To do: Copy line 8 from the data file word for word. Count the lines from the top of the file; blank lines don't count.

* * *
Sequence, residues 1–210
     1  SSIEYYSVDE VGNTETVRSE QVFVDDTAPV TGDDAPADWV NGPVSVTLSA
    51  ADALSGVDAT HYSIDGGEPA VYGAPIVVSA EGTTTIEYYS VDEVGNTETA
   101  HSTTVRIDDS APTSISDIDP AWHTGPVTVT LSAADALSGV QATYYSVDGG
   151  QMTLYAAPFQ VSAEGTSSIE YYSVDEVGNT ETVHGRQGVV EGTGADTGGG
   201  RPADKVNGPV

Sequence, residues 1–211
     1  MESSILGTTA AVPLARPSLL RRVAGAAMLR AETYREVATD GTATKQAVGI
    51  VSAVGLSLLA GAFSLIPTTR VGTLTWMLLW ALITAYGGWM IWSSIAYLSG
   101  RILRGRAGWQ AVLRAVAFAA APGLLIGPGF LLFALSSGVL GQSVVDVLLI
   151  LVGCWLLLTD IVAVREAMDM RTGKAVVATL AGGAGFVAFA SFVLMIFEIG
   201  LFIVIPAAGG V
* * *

     1  MESSILGTTA AVPLARPSLL RRVAGAAMLR AETYREVATD GTATKQAVGI